Sam Altman returns to OpenAI after agreement reached

Sam Altman is to return to OpenAI within days of his departure and the company appointing two interim CEOs during the period, OpenAI announced in a post on X.

“We have reached an agreement in principle for Sam Altman to return to OpenAI as CEO with a new initial board of Bret Taylor (Chair), Larry Summers, and Adam D’Angelo,” OpenAI said in an update posted to the social media platform X, formerly known as Twitter.

Altman’s departure late last week from the AI startup because of a conflict with the board was the subject of much speculation, as the reasons weren’t clearly spelled out.

“I love OpenAI and have acted to preserve our team and mission. Joining Microsoft was the best decision for us, and with a new board and Satya’s support, I’m excited to return to OpenAI and strengthen our partnership with Microsoft,” Altman posted.

Initially, former Twitch CEO Emmet Shear was set to replace Altman.

“It’s clear that the process and communications around Sam’s removal has been handled very badly, which has seriously damaged our trust,” Shear said on Monday in a posted on X.

Before Shear took over the role of interim CEO at OpenAI, the company had appointed OpenAI CTO Mira Murati as the interim CEO on Friday. It’s unclear what role Shear or Murati would have in the company after Altman’s return. 

Altman’s firing sparked widespread disapproval in the tech community, drawing comparisons to Steve Jobs’ infamous dismissal and later successful return to Apple.

As many as 747 out of 770 OpenAI employees signed a letter threatening to quit and join Microsoft if Altman was not reinstated.

Altman and other key members, including Greg Brockman, were initially set to join Microsoft to lead a new AI research team, as announced by Microsoft CEO Satya Nadella, following their departure.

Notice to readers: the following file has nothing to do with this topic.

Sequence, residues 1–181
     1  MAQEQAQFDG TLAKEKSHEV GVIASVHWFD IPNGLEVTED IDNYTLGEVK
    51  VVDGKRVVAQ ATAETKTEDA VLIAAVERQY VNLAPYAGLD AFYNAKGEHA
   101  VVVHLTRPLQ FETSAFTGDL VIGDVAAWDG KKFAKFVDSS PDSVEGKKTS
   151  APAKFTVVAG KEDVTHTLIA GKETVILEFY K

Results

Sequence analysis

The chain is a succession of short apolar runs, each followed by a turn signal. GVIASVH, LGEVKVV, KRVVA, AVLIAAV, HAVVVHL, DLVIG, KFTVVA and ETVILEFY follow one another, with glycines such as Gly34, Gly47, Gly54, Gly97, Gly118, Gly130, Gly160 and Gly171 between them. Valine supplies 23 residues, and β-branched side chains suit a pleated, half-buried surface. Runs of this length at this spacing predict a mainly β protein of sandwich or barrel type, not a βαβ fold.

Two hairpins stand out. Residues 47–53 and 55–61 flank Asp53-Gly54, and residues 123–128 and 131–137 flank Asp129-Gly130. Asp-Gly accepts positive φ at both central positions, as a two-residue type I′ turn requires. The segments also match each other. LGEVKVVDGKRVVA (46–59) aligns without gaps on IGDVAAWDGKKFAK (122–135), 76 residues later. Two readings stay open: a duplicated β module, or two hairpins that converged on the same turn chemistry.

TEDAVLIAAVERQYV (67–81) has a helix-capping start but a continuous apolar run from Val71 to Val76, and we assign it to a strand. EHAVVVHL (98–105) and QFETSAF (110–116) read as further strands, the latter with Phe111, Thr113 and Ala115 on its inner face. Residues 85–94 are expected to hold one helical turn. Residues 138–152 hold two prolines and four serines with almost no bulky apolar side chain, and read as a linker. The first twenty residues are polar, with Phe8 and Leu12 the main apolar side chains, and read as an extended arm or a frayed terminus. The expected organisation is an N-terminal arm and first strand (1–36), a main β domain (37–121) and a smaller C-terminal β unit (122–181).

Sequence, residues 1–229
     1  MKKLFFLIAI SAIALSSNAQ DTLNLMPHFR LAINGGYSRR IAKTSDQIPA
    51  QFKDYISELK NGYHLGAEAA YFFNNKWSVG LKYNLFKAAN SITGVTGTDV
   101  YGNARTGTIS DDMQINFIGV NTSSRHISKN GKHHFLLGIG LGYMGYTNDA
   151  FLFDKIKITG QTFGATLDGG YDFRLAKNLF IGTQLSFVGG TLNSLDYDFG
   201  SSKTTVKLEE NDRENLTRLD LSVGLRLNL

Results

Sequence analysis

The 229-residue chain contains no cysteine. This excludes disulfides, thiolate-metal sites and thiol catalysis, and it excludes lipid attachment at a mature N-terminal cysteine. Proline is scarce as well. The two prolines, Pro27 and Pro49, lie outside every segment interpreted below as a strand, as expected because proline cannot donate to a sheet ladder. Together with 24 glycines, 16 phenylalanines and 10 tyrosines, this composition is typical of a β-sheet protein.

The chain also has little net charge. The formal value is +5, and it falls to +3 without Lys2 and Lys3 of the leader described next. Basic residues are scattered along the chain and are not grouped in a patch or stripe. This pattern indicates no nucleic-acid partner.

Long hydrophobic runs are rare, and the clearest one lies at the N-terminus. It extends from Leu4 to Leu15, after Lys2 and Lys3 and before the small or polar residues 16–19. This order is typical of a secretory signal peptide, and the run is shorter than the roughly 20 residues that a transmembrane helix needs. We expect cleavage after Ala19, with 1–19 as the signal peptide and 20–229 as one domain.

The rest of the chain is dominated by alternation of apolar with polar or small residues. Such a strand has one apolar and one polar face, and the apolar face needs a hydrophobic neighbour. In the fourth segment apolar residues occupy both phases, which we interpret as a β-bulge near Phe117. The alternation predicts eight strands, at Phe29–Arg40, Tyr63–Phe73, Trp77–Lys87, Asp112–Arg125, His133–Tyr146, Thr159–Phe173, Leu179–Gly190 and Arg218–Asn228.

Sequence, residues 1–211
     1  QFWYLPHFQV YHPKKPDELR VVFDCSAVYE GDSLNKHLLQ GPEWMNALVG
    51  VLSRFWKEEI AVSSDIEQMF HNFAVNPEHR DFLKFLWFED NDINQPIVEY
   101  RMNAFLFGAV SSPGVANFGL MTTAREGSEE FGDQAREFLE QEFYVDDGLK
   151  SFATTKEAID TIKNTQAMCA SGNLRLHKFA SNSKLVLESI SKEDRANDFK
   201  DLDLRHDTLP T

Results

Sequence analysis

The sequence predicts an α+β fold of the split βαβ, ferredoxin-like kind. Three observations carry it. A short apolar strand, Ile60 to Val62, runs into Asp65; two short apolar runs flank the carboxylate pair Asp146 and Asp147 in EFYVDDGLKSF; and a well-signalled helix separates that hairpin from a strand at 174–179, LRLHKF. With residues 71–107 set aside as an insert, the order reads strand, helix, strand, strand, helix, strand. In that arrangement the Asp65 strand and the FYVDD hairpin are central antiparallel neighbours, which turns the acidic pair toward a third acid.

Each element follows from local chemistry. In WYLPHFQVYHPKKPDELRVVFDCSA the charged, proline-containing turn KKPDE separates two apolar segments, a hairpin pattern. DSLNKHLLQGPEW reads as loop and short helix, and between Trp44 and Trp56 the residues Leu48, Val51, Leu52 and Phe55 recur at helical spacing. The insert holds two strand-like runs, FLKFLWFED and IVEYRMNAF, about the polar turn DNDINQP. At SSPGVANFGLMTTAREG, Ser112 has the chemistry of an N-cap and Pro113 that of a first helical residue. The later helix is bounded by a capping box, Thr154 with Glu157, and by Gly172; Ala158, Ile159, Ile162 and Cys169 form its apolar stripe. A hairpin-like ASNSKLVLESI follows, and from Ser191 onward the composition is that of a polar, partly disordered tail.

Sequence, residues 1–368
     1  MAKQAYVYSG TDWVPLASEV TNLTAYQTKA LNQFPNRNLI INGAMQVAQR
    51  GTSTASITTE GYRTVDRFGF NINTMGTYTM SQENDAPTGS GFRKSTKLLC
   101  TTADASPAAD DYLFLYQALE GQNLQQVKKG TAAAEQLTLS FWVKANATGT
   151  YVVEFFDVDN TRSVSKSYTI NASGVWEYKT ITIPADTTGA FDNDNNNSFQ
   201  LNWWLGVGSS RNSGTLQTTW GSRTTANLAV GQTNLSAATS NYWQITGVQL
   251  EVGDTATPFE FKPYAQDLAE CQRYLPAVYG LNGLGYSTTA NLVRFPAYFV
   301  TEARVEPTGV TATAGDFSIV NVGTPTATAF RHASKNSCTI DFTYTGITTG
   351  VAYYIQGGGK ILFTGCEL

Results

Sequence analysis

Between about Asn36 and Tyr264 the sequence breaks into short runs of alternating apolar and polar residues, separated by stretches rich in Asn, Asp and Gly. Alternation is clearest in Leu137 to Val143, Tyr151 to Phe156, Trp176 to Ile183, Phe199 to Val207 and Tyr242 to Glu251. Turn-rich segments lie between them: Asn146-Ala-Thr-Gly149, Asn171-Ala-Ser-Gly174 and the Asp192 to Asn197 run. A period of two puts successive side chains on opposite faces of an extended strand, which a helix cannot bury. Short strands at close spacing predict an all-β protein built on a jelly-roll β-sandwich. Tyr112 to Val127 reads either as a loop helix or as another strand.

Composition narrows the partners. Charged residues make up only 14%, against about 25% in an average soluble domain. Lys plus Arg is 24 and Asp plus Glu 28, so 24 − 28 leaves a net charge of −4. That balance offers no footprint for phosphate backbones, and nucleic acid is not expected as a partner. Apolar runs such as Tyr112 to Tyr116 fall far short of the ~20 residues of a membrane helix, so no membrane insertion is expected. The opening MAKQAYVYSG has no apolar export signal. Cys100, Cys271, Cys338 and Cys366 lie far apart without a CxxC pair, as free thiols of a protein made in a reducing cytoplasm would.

Microsoft is a large investor in OpenAI, and Nadella appeared pleased that Altman was rejoining the startup company.

“We are encouraged by the changes to the OpenAI board. We believe this is a first essential step on a path to more stable, well-informed, and effective governance,” Nadella posted on X. “We look forward to building on our strong partnership and delivering the value of this next generation of AI to our customers and partners.”

The startup has a corporate structure that’s quite unusual by Silicon Valley standards.

OpenAI has been organized as a nonprofit since 2015 and is governed by a board overseeing all activities.

A 2019 thread on YCombinator’s Hacker News forum, written as the firm shifted to a hybrid structure of nonprofit and for-profit entities, sparked debate about its mission shift, profit motives, and the ethical complexities of AI development.

“Investor returns are capped at 100x, that’s quite a high cap for a non-profit,” wrote one user who had skepticism about OpenAI’s shift to a hybrid structure and its alignment with its original non-profit ethos. 

Reuters recently reported that some investors are considering suing the company over Altman’s firing; however, the firm’s unique structure potentially shields it from investor lawsuits, legal experts who spoke to Reuters said, and weakens their position in challenging the recent CEO dismissal. 

Copyright © 2023 IDG Communications, Inc.


This website uses cookies. By continuing to use this site, you accept our use of cookies.